A rabbi friend of mine, in trying to explain the uniqueness of the Shabbat Shuva sermon, has this theory that the sermon itself is part of the process of teshuvah (repentance or return) that is our central spiritual task at this time of year. In this view, the sermon is not just a sermon, but a deep personal act, one that can lead to some uncomfortable moments.

I’ve seen it happen. At Young Israel of Century City, I once saw Rabbi Elazar Muskin, during his Shabbat Shuva drash, express his personal embarrassment at a letter he had received during the previous year. It was from a visitor who did not feel welcomed at his shul. In front of a rapt audience, the rabbi stood there and took the heat. Then, in the spirit of teshuvah, he implored his flock to be welcoming at all times so the shul would never receive a letter like that again.

The most uncomfortable I’ve felt at a Shabbat Shuva drash was last week, when Rabbi Yosef Kanefsky of B’nai David-Judea Congregation meditated on the touchy subject of ulterior motives in religious practice.

I sat a few feet from the rabbi. While people were still shuffling in, I could see Kanefsky, dressed in a white robe, closing his eyes in deep concentration as he stood at the lectern.

He picked one phrase from the Shabbat prayer — “And purify our hearts to serve You with truth” — and asked: “Do we have a prayer?”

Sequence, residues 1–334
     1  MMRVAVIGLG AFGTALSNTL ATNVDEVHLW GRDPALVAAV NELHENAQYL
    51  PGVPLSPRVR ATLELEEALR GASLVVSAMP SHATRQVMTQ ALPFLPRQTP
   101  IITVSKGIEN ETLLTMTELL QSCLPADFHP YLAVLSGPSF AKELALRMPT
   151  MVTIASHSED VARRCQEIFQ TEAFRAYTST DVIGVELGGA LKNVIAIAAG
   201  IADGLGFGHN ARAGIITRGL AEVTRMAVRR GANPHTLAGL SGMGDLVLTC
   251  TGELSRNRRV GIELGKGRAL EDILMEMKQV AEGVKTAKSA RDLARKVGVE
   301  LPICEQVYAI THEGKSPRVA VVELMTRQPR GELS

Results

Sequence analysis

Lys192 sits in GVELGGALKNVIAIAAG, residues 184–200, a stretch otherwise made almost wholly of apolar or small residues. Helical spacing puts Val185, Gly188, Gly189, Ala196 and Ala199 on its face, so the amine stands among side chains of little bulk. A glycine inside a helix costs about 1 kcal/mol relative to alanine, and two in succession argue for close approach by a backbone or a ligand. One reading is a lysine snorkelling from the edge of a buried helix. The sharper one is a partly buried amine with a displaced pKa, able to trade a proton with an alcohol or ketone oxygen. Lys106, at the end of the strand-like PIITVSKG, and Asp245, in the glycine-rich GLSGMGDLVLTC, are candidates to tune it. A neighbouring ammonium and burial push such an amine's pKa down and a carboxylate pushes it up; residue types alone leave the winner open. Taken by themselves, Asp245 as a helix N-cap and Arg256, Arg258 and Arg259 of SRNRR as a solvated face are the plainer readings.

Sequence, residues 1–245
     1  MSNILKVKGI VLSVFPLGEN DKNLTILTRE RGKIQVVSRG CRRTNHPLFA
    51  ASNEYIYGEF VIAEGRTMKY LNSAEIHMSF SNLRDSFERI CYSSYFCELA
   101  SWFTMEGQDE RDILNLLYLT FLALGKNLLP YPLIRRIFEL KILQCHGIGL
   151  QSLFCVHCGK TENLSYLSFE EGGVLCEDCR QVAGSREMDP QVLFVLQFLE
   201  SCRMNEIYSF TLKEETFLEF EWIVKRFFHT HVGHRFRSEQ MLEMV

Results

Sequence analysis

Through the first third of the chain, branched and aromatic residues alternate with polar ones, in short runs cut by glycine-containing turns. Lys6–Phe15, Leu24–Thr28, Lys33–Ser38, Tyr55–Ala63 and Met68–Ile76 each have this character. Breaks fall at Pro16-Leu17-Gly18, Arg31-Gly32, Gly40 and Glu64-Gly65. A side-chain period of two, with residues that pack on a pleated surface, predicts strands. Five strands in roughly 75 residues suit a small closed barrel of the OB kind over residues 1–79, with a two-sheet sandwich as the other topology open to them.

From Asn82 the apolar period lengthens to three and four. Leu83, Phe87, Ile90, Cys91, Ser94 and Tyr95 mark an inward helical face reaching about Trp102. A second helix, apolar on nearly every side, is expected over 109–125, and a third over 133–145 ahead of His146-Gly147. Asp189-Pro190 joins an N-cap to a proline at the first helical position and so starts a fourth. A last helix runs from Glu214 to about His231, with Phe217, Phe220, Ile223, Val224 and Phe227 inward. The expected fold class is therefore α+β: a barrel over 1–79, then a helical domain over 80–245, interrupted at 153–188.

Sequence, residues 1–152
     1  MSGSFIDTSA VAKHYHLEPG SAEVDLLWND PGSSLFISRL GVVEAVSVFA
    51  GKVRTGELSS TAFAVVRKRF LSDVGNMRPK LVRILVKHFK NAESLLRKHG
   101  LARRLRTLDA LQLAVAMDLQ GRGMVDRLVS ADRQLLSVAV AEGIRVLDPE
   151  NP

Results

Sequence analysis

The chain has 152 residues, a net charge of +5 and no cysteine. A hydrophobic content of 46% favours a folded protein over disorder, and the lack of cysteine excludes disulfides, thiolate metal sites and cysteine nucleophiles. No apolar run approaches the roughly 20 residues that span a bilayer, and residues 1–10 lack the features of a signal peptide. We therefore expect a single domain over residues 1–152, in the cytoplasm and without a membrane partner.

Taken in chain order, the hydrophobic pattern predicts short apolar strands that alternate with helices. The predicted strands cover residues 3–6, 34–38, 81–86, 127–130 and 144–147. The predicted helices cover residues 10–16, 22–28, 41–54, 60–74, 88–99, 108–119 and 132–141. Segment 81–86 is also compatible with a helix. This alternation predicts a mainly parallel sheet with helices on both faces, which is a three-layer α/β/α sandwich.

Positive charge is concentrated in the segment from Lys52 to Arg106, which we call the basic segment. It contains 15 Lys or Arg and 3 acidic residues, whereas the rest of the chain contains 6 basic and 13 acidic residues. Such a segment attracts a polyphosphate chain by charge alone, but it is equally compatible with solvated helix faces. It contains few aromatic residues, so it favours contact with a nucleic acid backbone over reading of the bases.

He spent the first 30 minutes making the case that no, we don’t have a prayer. Through the words of King David, Rashi, Abraham Joshua Heschel, Maimonides, Isaiah and even Sigmund Freud, he dissected the simple reality that human nature is innately driven by self-interest and ulterior motives.

Yes, even when we live a religious life. We might tell ourselves that our motives are noble and Godly, but deep down, we know we are motivated by more mundane things, like a need for community, a desire to belong and feel accepted, the security of an orderly lifestyle, a craving for honor and recognition, and so on.

Kanefsky made it a point not to denigrate these motives, because they are part of human nature. But Judaism at its best, he explained, helps us transcend our natures in the service of a higher and holier ideal.

This is where it got uncomfortable.

Kanefsky accused himself of often having ulterior motives when he prayed enthusiastically on Shabbat. Why? Because deep down, he knew this behavior was expected of him, and it was hard to separate the motive of “playing to the crowd” from the purer motive of “serving God with truth.”

This might look like someone being too hard on himself, but if you were up close like I was, you could see that Kanefsky meant it. Evidently, he was going through his own teshuvah in front of his flock. He was telling us that while no one will ever have the purity of Abraham, the essence of being religiously observant and of doing teshuvah was to aim for a greater purity in our relationship with God.

To help us in that journey, he enlisted the words of Heschel from “God in Search of Man”:

“This is how we must begin in our effort to purify the self: To become aware of our inner enslavement to the ego, to detect the taints in our virtues, the tinge of idolatry in our worship of God…. The sting of shame is the only pain the ego cannot bear…. To be contrite at our failures is holier than to be complacent in perfection.”

As people filed out of the shul and into the twilight on Pico Boulevard, I had this feeling that the rabbi had given us enough taints, tinges, stings and hopes to last us until the next sermon of the year.

David Suissa, an advertising executive, is founder of OLAM magazine and Ads4Israel.com. He can be reached at dsuissa@olam.org.